Throughout October 1999 to June 2003 a 45 metre shaft had been sunk mainly through solid limestone, and a 15m adit had been driven to the “Breakout Window". One of the main reasons for undertaking this ambitious project to intersect the top of Titan was to facilitate exploration of the passages leading off from the main shaft. West Passage was just one of several “leads” that awaited a determined push.

In May 2004, following a 12 month break, the team reassembled to push the short passage leading into the choke going west from the base of the surface shaft: the project was full of promise, leading as it did into a blank area on the map. Four years later, and at a vertical depth of around 35 metres we finally admitted defeat and handed victory to the energy- sapping boulder choke. The Titan Compound was abandoned to the elements, local wildlife and visits by cavers embarking on a trip into Titan.

As part of obtaining the necessary permissions from Natural England and others (officially known as the consent process) the site had eventually to be returned to agriculture and levelled as near as possible to its original contours. On a sunny weekend of October 16th-17th 2010, a team led by Moose spent two days undertaking the clear-up and capping work.

Day one was spent taking down the barbed-wire surround, the winch and headgear and removing the trusty Lister diesel engine that has powered the winch for nearly a decade. The little dry stone wall around it was left to provide temporary shelter for visitors waiting to be called over to the shaft for the descent into the hillside.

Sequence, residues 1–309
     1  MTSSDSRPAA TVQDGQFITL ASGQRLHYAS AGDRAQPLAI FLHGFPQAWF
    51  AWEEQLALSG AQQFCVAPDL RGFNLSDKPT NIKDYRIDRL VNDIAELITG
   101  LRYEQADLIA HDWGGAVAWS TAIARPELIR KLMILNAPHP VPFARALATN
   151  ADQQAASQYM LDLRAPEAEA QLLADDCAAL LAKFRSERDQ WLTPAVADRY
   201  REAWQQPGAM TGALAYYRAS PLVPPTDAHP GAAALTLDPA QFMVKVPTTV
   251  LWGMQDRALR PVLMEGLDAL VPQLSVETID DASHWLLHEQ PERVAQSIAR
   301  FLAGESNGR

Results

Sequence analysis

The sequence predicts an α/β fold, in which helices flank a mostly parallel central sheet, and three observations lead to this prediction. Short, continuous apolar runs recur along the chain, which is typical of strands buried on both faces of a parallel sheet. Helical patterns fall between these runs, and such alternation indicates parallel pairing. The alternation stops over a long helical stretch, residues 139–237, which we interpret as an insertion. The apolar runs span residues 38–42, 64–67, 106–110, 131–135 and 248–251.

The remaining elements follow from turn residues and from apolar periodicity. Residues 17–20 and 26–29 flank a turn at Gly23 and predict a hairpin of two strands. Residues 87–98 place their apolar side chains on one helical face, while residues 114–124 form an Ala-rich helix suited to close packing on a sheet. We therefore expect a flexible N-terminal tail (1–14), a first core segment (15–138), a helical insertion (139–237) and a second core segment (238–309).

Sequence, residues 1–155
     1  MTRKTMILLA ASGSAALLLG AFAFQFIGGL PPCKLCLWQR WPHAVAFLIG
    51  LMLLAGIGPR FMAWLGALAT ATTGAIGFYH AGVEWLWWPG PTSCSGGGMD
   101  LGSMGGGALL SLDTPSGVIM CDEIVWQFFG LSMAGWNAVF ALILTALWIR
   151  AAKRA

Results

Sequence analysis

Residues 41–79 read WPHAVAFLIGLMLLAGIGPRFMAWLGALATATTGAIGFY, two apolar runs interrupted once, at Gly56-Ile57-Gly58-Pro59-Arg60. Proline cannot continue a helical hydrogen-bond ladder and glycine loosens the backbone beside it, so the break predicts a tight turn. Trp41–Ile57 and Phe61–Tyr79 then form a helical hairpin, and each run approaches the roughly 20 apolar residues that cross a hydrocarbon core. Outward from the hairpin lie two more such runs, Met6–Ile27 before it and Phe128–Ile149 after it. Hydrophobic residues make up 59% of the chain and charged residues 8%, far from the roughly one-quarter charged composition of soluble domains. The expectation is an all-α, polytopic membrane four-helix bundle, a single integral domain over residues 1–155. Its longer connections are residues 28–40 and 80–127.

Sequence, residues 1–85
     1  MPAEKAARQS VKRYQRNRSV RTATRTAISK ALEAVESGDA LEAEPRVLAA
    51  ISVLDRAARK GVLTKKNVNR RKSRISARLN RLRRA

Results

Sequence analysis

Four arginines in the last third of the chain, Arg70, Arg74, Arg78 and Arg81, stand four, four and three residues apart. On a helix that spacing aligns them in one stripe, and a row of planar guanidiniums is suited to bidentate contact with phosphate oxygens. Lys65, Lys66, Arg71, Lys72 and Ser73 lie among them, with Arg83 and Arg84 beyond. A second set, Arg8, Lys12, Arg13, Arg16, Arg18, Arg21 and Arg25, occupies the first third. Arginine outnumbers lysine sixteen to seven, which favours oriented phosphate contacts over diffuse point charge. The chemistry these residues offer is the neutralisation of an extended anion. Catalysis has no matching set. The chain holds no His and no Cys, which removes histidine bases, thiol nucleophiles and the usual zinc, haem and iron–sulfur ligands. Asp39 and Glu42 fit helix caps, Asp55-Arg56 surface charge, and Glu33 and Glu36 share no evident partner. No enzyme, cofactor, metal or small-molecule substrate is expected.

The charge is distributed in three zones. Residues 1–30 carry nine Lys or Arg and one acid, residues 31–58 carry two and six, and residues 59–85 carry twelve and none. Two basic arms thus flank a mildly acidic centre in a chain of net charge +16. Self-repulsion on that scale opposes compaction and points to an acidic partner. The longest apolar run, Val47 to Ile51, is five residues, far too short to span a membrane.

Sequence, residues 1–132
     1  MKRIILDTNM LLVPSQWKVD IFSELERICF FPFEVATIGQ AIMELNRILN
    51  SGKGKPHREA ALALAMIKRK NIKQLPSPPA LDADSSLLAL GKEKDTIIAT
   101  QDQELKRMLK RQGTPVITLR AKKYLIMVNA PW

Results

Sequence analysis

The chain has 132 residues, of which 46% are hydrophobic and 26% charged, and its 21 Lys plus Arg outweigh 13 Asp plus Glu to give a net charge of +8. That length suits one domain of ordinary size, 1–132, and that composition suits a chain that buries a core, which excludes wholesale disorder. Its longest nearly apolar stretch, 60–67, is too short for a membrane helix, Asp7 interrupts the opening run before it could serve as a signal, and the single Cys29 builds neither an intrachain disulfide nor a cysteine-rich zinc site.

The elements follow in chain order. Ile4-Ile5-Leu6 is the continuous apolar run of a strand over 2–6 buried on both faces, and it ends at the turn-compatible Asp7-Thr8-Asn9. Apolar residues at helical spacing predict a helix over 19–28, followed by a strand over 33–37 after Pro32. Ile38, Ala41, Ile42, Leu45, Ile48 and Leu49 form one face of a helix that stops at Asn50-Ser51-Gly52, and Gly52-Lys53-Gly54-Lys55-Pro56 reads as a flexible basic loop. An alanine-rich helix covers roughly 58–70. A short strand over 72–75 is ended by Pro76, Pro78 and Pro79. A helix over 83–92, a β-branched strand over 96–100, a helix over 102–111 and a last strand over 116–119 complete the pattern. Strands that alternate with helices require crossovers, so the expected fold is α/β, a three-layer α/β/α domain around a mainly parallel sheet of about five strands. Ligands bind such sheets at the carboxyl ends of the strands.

Day two saw the arrival of a JCB and a procession of 4x4 vehicles and trailers carrying the concrete rings necessary to build up the shaft-head prior to backfilling from the rather large spoil heap. This took most of the day and the activities attracted a steady stream of onlookers and helpers all of whom had at one time or another been associated with the dig.

Dave Webb. November 2010

News Flash

Speedwell Bung Ladder - replaced

The Bung Ladder in Speedwell MIne has now been repaired and replaced. The four anchors that were installed about a month ago are still there and can be used by cavers if they still wish to protect themselves on the climb.